The installation You Can’t Un-See brings to life a deeply psychological painting by the artist PAZ. It uses very bright colors and dramatic poses to create deep emotions and an archetypal experience. PAZ has sculpted the images in this painting and turned it onto a dreamlike space, an interactive sculpture, light and sound installation. The two larger than life blue and orange figurative sculptures are truly otherworldly. The tallest of the sculptures is 14 ft tall and visitors can walk through it. This project is a depiction of the “Road of Life,” which is represented as an actual road. The drama of interpersonal relationships is played out by the figures on the road. It shows the most extreme emotions that people experience in life both in its colors and the figure’s gestures.
In the painting that this space is based on, you can see a curved road and a few characters: “The Protagonist” is the character standing on the road making a gesture of confusion and questioning. His proportions are somewhat ambiguous so that the observer is not sure if he is a boy or a man. “The Mother” from whom “The Road of Life” emerges is a symbol of birth, and the origin of the universe; her birth canal is a mouth with bared teeth representing the fear of the return to the womb. There are also the figures of “Death” and “The Warning” in the shape of a skull and a stop sign that are at the end of the road, or is it the beginning? It is impossible to tell where it ends or begins because the road is circular.
In the painting, you can only see these characters and half of the road. In the installation, people can walk though the entire circular path of the “Road of Life.” The installation participants enter from a dark tunnel. Arrows on the floor will point in two directions. Those who go to the right will emerge to see the image the way it is depicted in the painting. They will see the stop sign warning them of danger ahead and the skull reminding them that death is always the ultimate end. Then they will see the characters and their interaction. In that direction it can be a symbol of a romantic relationship, with the man walking towards the much larger, more important, woman. Those who walk to the left will experience something totally different: a symbolic “birth” as they emerge from “The Mother.” In this direction the characters symbolize mother and child. Since the artists is also transgender, it also has intimations of that experience with the more mechanical male coming out of the more natural or organic looking female. The dark half of the road inside the tunnel represents the mystery; we don’t know what happens before birth or after death, when we are inside our mothers or inside mother earth. Are they connected? Nobody knows. This draws from many mystical traditions that emphasize the circularity of time and being.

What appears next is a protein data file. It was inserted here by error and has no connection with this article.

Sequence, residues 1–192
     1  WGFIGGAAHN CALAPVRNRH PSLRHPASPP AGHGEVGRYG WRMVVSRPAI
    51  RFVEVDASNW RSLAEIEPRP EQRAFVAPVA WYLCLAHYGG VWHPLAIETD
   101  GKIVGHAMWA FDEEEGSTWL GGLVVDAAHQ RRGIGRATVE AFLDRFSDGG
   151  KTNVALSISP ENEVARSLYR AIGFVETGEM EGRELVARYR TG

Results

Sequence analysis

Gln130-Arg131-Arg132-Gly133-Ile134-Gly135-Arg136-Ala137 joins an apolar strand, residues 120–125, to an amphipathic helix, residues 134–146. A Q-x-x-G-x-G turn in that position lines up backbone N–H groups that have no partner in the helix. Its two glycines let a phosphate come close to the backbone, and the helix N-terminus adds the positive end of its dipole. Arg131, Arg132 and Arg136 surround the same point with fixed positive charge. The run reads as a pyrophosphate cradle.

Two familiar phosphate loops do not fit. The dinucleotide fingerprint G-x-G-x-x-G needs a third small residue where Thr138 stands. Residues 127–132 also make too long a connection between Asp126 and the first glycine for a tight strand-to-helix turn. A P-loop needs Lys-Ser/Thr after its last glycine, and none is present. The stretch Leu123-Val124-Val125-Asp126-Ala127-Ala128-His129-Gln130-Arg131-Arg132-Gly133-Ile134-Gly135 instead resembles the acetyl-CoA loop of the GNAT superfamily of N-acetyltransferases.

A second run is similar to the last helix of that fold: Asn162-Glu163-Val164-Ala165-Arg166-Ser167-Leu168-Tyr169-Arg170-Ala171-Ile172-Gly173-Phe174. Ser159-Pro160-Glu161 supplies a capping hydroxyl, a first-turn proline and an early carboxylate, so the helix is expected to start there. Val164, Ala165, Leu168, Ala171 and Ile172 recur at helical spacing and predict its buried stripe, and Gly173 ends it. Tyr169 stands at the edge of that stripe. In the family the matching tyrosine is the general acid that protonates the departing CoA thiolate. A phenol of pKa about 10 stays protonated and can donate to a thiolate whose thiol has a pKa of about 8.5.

As visitors walk though, music will be playing by the artist Dievolve. Also sound triggers around the space will create different sound effects as people walk by them. People will change the sound design by walking through it. The sculptures will be lit form inside with very low light around. The segment outside of the tunnel will be filled with shimmering starlight. The effect of the glowing sculptures and hypnotic and sparse music will create a trance like feeling in the participants. The installation is meant to be a sacred space where people can meditate on the meaning of life as a connected cycle.
The installation is coming to 4 venues in Los Angeles this year:
August 5-September 29
The Hive Gallery and Studios
729 S Spring St, Los Angeles, California 90014
September 30 8pm-11pm
SCI-Arc Architecture School
960 E 3rd St, Los Angeles, CA 90013
Old Bank Movie Location
5601 N Figueroa St, Los Angeles, CA 90042
October 31- December 15
Highways Performance Space/Gallery
1651 18th St, Santa Monica, CA 90404
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